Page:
• Students will Understand the defences to intentional Torts
  • Students will understand the civil courts proceedings

  • Students will be able to apply the defences to intentional torts using case studies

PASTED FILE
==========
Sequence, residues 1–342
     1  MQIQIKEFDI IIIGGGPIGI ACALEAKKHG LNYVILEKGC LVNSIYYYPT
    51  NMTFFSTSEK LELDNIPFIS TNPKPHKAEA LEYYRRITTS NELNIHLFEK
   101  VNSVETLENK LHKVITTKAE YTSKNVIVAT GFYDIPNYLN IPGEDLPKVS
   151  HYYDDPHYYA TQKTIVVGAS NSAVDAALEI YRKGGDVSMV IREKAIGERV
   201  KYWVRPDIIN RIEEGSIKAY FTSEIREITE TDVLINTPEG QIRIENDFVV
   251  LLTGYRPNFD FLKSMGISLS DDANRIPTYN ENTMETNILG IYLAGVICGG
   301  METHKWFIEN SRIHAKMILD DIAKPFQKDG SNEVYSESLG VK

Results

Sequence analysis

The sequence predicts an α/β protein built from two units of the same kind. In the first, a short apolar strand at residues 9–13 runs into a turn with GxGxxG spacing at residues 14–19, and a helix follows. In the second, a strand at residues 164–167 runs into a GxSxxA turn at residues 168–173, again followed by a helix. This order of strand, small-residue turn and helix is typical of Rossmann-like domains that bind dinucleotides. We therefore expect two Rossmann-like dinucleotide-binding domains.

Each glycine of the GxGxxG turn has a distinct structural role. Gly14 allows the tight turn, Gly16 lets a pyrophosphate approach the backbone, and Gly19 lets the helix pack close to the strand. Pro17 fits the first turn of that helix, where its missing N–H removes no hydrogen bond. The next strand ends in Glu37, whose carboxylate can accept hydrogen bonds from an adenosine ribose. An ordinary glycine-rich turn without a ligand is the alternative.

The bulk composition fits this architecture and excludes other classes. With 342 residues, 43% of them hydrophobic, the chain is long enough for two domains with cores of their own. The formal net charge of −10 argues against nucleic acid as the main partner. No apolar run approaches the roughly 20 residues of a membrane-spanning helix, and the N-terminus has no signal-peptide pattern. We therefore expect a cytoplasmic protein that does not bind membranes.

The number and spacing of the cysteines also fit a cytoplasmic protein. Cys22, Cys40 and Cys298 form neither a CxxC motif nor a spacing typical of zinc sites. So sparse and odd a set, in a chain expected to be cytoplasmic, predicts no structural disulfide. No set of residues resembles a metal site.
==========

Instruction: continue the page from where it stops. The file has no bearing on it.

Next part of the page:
Materials: Text Books, PowerPoints   Prerequisite Learning: About Torts, Negligence, Intentional Torts, Vicarious Liability, Defences to negligence   Set: ( 5 mins) Explain the Case (from Sask Law30 curriculum) The Facts “Peter Poirier and John Murphy, both 18 years of age, agreed to carry out a “stunt”. The stunt was performed in an underground parking garage. Peter stood underneath a water sprinkler pipe. After peter nodded, John began driving his car from about 100 meters away and, at the last moment, Peter would jump up, grab the pipe, do a chin-up, swerve his hips and legs to one side and clear the car. Drinking was not involved. The Stunt was performed as a form of amusement for peter and John, and a group of their friends who were in the car with them. The stunt was performed safely the first time, but the second time Peter was not prepared for it. Peter was hit by the Car and injured. He became unconscious, suffered a brain injury, and underwent lasting personality and emotional changes”.   Development: (55 minutes) Key Questions -Did Peter knowingly assume the risk of harm when he agreed to carry out the stunt? -Was John negligent? Did he fail to take proper care to avoid harm to Peter? -Did Peter contribute to his own injuries by not taking reasonable care of himself? -How would you decide this case and why? One group is going to argue that Peter is responsible for his injuries One group is going to argue that John is responsible for Peters injuries Use your notes to help form your argument.   Group arguing in Peters favour, in what ways was John responsible, what tort does his actions fall under? Why?   Group arguing in Johns Favour, In what ways was Peter responsible for his own injuries, what tort is John being accused of, what defences can he use? (15 minutes to come up with answers to questions and to form an argument)   Debate -15 minutes Each side gets one-minute opening statement Each side gets a two-minute period for main argument Each side gets one minute for closure   The Judges Decision “The Judge held that Peter had given up his right to sue for negligence the first time the stunt was performed, because he willingly assumed the risk of harm. The second performance of the stunt was different because Peter was not ready to perform the stunt. Peter did not assume a risk until he nodded his approval, and he did not do so for the second run. Both Peter and John were negligent. John was negligent because he owed a duty as the driver of the car to take care. He should have realized that Peter was not ready for the second stunt. John was 2/3 at fault. Peter was also partly responsible for his own injuries. He was negligent in agreeing to do the stunt and in not removing himself from the risk of harm before the second stunt. Peter was 1/3 at fault.”   Defences to Intentional Torts             Informed Consent Informed Consent is a defence whereby the defendant tries to prove that the plaintiff agreed to interference with their person, property or goods   Self Defence May be used as defence to the tort of battery, if the defendant is able to prove the fear of physical injury, and only if the force used is not excessive Legal Authority If a person is arrested they cannot sue the arresting officers because they have the legal authority to use a certain level of force during an arrest. The person being arrested needs to have had the opportunity to do so peacefully, if they choose not to do so officers can use force. Discipline Parents and teachers may legally use reasonable force in disciplining children, provided there is no intention to harm a child.   Necessity The defence of necessity may be presented when an action was taken out of necessity for public/private good. Example- To save a life Recapture of goods Individuals being sued for trespass may use the defence of recapture of goods. The law allows for the reclaiming of goods, as long as no force or violence has been used.   Last night you should have read on Defamation of Character and its Defences. What is Defamation? What are defences to defamation? -Truth -Absolute and qualified privilege -Fair comment Civil Court Procedure In civil law, the process of bringing an action to court is called a litigation. In instances where a resolution is not achieved through alternate means, the process for trial is specific to the system of civil law and it includes -Pleadings (statement of claim, notice of motion, statement of defence) -Examination for discovery -Pre-trial conference -Trial   Important Terms   Litigation The process of bringing a lawsuit against a party for an alleged wrong or tort.   Notice of motion The originating document that the plaintiff files with the court. It serves notice of the claim and identifies a deadline for filing for defence.   Statement of claim A document made by the plaintiff and filled with the court, it is part of the notice of motion. This document includes the details of the claim, and presents them to the court and the defendant.   Statement of defence A document filed with the court by the defendant, explaining the defence to the tort/ why the plaintiff’s claim is not warranted.   Examination for Discovery The process occurring prior to trial in civil matters. Relevant documents are exchanged between involved parties, and each party must answer questions under oath by the other party’s lawyer.   The Civil Trail In the province of Saskatchewan the court of Queen’s Bench deals with civil matters (other than small claims). -Trails are presided over by a judge alone -Loosing party is responsible for the costs of the court and the costs of the successful parties legal costs. -Plaintiff presents case using evidence provided by witnesses -Judge uses the law to make decision -Proof beyond reasonable doubt is not a requirement –The balance of probabilities is used to reach judgment –The standard of proof. The judge will decide based on which party has presented the case with the greater likelihood of fact.   Court of Appeal             -The loosing party may appeal the decision of the Judge based on -The law -Any order of the court Parties may Appeal to the court of Appeal in Saskatchewan, and may even end up in the highest court in Canada, the supreme court of Canada.     Closure: (3 minutes) Thank-you for your attention Tomorrow is my last day, and we will be discussing issues in civil law, insurance, privacy, Alternate dispute resolution mechanisms, class action, no fault insurance, negotiation, mediation. Law 30 April 2nd 2014 Hook: 5 Minutes: Remember how we were talking about self defense being a gray area? -Share national post article. Hopefully article will engage students in the refresh Refresh (15 mins) -What are the three categories of torts? -Negligence -Intentional torts -Strict liability -What does the word tort mean? The word tort simply means a wrong -It is an injury, physical emotional, economic or otherwise suffered by a person for which another may be held legally responsible What is Liability? -The legal responsibility for a wrongful action What is Plaintiff? -A civil action, the party initiating the action is called a plaintiff What is Defendant? -The person alleged to have undertaken the tortious act   What is Duty of care? – Duty of care is the obligation that is required to ensure that others are not harmed by one’s actions Define Intentional Torts? -Intentional torts take place when someone deliberately comes into contact with another person or his/her property to the point where damage is done. Name some Intentional torts             -Battery -Assault -False imprisonment -Invasion of privacy -Malicious prosecution -Defamation Intentional torts involving property include             -Harm to goods or land through trespass -Nuisance What is Vicarious Liability? -The responsibility of one person for the actions of another. Name some defences to Torts in the Area of Negligence Voluntary Assumption of Risks Participation in illegal activities Inevitable accident Contributory negligence What are some defences to Intentional Torts? Informed Consent Self defence Legal Authority Discipline Necessity Recapture of goods   New Information (15 minutes) Issues in Civil Law -Civil law is based upon the common law and the case law of the nation, there have been statutes enacted by governments to address civil matters deemed to be of importance to the public good.   Class Action A lawsuit, initiated by representative members of a group of persons, on behalf of all members of the group. Criteria for a class action include: -Numbers of persons included is so large that it is not practical to proceed individually -The class of persons must be identifiable as allegedly having suffered the same wrong or harm -The issue of law and facts of the claim must be shared in common by all members of the class.     Class action suits, where an individual or group of individuals begins civil action on behalf of a class of people affected by an alleged tort, are not common in Canada.   If Saskatchewan eased class action provisions, justice for individuals may be enhanced. Right now it can be hard for people to successfully go after large wealthy cooperation’s.   Insurance Individuals may purchase insurance coverage to provide financial protection in the case of liability for an injury for which they may be found at fault.   No-Fault insurance In Saskatchewan, the no fault insurance system is called the personal injury protection plan. No fault insurance eliminates the opportunity for an individual to be compensated for pain and suffering due to an automobile accident.   Alternate Dispute Resolution Mechanisms The system of civil law allows for remedies for harm done by one party to another. The process of litigation is expensive. Individuals may attempt to resolve disputes of a tortious nature through negotiation or mediation.   Alternated dispute Resolution The process of resolving disputes through means other than litigation and civil trial.   Negotiation Negotiation involves two parties who voluntarily and informally attempt to resolve a civil matter without involving a third party   Mediation A voluntary process by which parties to a civil dispute attempt to resolve the matter with the assistance of neutral third parties.   Activity Part one (15 minutes) -Place students in groups of five. -Have them push their desks together, facing each other. Give each group a case study. -Summarize the case -Which tort is described in the study? -What defense could the defendant use? – could the parties involved use negotiation to resolve the problem? How? – could the parties use mediation to resolve the problem? How?   Part two (15 minutes) -Share your summary and answers with the class.   -pg 369 answers in page 270 -Thomas v. Hamilton   -pg 374 Young v. Bella   -Page 375 Wolf, Ward, and Luck v. Advanced Fur Dressers Ltd. Page 376-377